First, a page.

State Rep. John Proos, R-St. Joseph, visited St. Mary's Catholic School in Niles Friday morning, capping off Catholic Schools Week for the elementary school. Proos talked about the importance of education and answered questions about his job. (Daily Star photo/AARON MUELLER)
State Rep. John Proos, R-St. Joseph, visited St. Mary's Catholic School in Niles Friday morning, capping off Catholic Schools Week for the elementary school. Proos talked about the importance of education and answered questions about his job. (Daily Star photo/AARON MUELLER)

Archived Story

St. Mary’s wraps up Catholic Schools Week with Rep. Proos visit

Published 12:31am Saturday, February 6, 2010

By AARON MUELLER
Niles Daily Star

Where was the first Catholic school? How many people are there in the world? Do you have any pets?

Those were just some of the questions Rep. John Proos, R-St. Joseph, fielded Friday when he visited St. Mary’s Catholic School in Niles, capping off Catholic Schools Week for the elementary school.

Proos, a graduate of Lake Michigan Catholic High School, spoke about the importance of education, specifically talking about the benefits of Catholic schools. Proos has two children enrolled at Lake Michigan Catholic.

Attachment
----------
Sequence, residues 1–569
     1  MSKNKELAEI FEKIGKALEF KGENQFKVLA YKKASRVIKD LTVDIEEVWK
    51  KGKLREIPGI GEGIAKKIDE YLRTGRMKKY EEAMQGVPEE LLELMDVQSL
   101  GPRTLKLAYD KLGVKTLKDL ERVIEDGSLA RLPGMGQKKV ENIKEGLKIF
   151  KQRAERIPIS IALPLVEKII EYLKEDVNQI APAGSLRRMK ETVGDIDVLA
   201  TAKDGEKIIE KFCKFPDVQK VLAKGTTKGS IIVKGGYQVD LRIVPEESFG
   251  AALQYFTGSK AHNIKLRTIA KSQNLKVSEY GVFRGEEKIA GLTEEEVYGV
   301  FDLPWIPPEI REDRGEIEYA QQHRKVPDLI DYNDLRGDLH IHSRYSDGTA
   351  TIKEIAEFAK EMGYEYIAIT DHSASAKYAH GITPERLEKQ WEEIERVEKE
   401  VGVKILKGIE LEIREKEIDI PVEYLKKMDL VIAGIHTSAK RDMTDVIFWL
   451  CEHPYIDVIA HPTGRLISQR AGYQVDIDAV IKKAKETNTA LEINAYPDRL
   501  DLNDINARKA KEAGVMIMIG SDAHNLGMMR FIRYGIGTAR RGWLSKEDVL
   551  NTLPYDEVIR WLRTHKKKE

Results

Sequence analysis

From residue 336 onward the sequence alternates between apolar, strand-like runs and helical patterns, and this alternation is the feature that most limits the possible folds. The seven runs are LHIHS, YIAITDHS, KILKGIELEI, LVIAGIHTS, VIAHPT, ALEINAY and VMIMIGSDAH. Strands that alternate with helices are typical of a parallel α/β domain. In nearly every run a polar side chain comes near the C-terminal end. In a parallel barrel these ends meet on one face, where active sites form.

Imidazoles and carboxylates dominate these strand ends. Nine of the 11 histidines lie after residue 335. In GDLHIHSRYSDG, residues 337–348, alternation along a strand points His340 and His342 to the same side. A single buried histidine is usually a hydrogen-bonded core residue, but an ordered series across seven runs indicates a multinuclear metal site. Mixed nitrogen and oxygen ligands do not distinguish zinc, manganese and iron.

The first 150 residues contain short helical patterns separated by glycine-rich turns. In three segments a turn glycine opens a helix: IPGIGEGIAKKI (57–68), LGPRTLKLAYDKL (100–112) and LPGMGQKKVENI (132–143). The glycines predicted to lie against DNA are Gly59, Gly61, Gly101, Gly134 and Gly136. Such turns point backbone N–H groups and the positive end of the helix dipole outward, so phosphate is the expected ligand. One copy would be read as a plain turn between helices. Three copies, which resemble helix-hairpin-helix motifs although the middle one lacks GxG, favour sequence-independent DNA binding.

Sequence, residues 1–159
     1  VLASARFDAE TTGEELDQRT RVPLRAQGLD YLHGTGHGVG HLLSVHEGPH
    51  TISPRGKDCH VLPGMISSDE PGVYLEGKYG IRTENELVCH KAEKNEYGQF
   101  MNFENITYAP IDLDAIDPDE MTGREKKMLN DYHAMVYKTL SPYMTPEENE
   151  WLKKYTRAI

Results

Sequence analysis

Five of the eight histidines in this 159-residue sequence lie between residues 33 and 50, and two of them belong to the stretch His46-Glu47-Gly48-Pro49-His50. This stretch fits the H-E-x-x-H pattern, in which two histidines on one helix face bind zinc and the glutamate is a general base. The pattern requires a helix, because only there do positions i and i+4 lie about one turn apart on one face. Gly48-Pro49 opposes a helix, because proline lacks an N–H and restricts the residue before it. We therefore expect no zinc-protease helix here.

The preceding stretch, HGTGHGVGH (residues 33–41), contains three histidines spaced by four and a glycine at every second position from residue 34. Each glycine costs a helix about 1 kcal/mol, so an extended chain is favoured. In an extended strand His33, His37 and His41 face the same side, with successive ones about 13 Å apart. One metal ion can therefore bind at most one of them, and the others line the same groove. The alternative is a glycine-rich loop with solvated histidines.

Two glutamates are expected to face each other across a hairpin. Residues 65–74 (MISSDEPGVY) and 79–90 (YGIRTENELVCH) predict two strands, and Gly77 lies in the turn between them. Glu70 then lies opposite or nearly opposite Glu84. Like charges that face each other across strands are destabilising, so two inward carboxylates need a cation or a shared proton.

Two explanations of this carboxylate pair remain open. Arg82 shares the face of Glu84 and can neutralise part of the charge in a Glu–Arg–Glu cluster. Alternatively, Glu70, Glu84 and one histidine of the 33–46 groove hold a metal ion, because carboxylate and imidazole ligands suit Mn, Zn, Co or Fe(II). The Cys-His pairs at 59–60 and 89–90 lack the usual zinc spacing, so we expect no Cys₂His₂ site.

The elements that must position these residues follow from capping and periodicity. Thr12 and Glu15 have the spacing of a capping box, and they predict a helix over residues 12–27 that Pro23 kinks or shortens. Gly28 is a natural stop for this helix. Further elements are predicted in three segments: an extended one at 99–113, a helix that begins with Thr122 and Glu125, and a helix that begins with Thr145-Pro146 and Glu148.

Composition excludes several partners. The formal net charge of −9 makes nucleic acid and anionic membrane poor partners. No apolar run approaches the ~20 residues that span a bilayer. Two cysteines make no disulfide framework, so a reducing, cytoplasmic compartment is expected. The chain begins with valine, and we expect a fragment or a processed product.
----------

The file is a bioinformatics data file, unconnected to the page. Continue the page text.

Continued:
“Catholic schools are unique in that you are not only learning reading, writing and math, but you also get to talk about how God is important to the learning that you do,” he said. “Christ-centered discussion is an important thing to be proud of and thank your parents for.”

He also talked about the importance of college education, mentioning his own experience at Marquette University, a Jesuit institution.

Proos asked the students what they liked most about being in Catholic school.

He related each of their answers to what he said to be the three components of Catholic education – mind, body and spirit.

The representative then explained his job to the students.

Proos told them his most important job is to listen.

“As a representative I try my best to do one thing – to listen,” he said. “Then hopefully I make the right decision for the people.”

To explain how difficult it is to represent the opinions of 90,000 people, he asked the students what toppings they wanted on their pizza for lunch.

“If I am supposed to choose for you what we are supposed to have for lunch and half of you want cheese and the other half want pepperoni, what am I supposed to do?” he asked.
After fielding questions about his family, pets and job, Proos got the question of the day from a young boy in the front row.

“Would you like to represent more people?” he asked.

Proos, who is in the final year of his term as a state representative, said he has had people encourage him to run for Ron Jelinek’s state senate seat in this year’s election.

“So the answer is yes,” Proos said.

Proos said he tries to visit a school per week and says meeting with students is one of the highlights of his job.

“I get fantastic questions from students about pets and my favorite color to insightful, hard-hitting questions of the day,” he said.

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